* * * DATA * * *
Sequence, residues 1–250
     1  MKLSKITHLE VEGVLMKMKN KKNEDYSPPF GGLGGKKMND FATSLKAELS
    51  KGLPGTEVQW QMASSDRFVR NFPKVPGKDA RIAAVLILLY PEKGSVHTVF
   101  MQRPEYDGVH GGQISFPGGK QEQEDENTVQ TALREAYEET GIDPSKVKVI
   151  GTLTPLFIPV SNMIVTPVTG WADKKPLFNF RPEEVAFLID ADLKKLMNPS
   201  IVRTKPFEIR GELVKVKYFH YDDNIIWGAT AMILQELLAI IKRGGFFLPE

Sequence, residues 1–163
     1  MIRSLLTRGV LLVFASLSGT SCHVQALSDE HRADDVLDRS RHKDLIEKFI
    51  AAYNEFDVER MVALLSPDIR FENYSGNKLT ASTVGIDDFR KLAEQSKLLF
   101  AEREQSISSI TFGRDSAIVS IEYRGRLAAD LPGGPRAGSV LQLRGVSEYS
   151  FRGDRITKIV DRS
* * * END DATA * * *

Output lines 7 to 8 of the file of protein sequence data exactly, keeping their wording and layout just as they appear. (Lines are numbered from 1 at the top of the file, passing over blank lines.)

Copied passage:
Sequence, residues 1–163
     1  MIRSLLTRGV LLVFASLSGT SCHVQALSDE HRADDVLDRS RHKDLIEKFI